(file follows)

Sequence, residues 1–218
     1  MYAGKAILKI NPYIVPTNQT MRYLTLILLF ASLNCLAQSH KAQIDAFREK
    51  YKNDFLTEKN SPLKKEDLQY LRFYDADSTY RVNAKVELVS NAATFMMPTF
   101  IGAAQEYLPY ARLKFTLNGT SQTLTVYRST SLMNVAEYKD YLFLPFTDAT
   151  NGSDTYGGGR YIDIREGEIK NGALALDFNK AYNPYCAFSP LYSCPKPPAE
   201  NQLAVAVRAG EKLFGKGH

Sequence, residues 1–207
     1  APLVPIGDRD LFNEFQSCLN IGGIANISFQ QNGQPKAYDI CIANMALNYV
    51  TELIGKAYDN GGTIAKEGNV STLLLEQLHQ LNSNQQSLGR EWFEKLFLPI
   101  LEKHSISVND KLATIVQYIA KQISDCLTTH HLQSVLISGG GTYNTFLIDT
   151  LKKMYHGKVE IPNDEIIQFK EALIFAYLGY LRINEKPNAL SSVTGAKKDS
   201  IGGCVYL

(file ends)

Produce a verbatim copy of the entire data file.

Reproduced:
Sequence, residues 1–218
     1  MYAGKAILKI NPYIVPTNQT MRYLTLILLF ASLNCLAQSH KAQIDAFREK
    51  YKNDFLTEKN SPLKKEDLQY LRFYDADSTY RVNAKVELVS NAATFMMPTF
   101  IGAAQEYLPY ARLKFTLNGT SQTLTVYRST SLMNVAEYKD YLFLPFTDAT
   151  NGSDTYGGGR YIDIREGEIK NGALALDFNK AYNPYCAFSP LYSCPKPPAE
   201  NQLAVAVRAG EKLFGKGH

Sequence, residues 1–207
     1  APLVPIGDRD LFNEFQSCLN IGGIANISFQ QNGQPKAYDI CIANMALNYV
    51  TELIGKAYDN GGTIAKEGNV STLLLEQLHQ LNSNQQSLGR EWFEKLFLPI
   101  LEKHSISVND KLATIVQYIA KQISDCLTTH HLQSVLISGG GTYNTFLIDT
   151  LKKMYHGKVE IPNDEIIQFK EALIFAYLGY LRINEKPNAL SSVTGAKKDS
   201  IGGCVYL